A "lock" is a sure thing, a colloquialism among bridge experts. If you play too fast and do not take those extra chances, you may be missing a lock, as I did here.
After a passed hand Drury bid by partner, showing a good 3 or 4 card spade raise, I bid the game. The Queen of clubs was led, won with the Ace in dummy, then followed quickly, club ruff, heart ruff, club ruff, heart ruff (Queen appearing, no idea why)
I now cashed the SK both following, and tried a diamond up to the King. It lost to Lefty. Lefty proceeded to cash DQ, and exited with his last club (a diamond or a spade or a heart hands me the contract). I ruffed, and took stock. When I cashed the Spade Ace the trumps failed to behave and the position was this.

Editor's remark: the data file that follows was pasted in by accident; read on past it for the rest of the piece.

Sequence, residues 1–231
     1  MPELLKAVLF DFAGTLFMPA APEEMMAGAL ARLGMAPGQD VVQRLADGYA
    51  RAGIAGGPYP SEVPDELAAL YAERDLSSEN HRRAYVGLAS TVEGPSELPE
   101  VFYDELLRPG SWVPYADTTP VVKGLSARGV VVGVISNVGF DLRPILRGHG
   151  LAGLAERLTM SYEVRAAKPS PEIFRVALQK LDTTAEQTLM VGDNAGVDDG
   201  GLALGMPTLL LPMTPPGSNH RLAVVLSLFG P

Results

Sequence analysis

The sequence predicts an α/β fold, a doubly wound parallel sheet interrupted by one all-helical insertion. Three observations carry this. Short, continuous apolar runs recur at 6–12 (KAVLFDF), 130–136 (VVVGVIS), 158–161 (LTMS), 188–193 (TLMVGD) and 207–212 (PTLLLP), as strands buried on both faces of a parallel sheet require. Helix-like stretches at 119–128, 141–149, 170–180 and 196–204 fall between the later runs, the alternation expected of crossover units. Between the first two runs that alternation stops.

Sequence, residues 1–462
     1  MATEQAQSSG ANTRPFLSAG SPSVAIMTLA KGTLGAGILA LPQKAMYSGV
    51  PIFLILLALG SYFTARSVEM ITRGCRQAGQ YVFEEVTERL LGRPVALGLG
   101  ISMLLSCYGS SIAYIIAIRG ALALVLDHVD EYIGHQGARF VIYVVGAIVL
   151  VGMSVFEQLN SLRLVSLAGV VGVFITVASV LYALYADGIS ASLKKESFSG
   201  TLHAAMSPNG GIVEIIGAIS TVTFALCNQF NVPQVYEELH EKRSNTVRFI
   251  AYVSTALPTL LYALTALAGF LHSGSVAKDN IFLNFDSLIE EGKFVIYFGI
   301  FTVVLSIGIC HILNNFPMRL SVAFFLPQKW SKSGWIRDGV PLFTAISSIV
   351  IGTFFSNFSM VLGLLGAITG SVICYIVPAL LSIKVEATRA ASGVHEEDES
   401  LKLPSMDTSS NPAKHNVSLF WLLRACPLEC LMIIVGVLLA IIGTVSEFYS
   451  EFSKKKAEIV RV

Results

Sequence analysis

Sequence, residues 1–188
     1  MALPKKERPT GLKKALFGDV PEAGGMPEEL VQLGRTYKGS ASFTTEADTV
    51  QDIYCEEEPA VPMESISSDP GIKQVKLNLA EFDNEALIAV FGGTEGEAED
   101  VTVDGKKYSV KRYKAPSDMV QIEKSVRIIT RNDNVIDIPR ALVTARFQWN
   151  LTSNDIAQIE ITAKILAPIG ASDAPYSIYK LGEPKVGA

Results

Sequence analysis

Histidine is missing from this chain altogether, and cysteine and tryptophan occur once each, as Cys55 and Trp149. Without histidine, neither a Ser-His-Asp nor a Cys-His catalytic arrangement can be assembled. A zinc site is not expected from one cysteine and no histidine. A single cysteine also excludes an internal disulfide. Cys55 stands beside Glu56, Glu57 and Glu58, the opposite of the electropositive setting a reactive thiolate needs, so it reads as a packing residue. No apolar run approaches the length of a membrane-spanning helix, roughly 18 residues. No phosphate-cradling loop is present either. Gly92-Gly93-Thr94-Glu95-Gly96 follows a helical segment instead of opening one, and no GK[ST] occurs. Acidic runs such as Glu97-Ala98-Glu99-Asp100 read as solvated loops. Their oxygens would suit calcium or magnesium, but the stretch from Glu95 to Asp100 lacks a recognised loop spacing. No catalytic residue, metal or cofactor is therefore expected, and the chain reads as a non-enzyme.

If I had been playing more slowly, I would have realized there is now no need to bank on H"AJ" bringing down a now stiff HK (despite the falsecard). I had a lock! I should play the trump exit (unusual in a cross ruff type of hand), since a) there are no club masters outstanding b) DJ and the club in dummy will either spring to life or I will get a lead into my H:AJ.
Instead, I sadly played the other major suit ace and went one down.
EDIT: If west keeps his HQ, I should ruff out his card of exit, clubs and then play for the endplay which works because Lefty holds all the diamond honors. If I fail to ruff out his card of exit and play a diamond first, he takes his two diamond tricks and exits with HEART QUEEN, I may win but the endplay or stepping stone does not work because he has a card of exit, a club and I must additionally lose a heart to RIGHTY.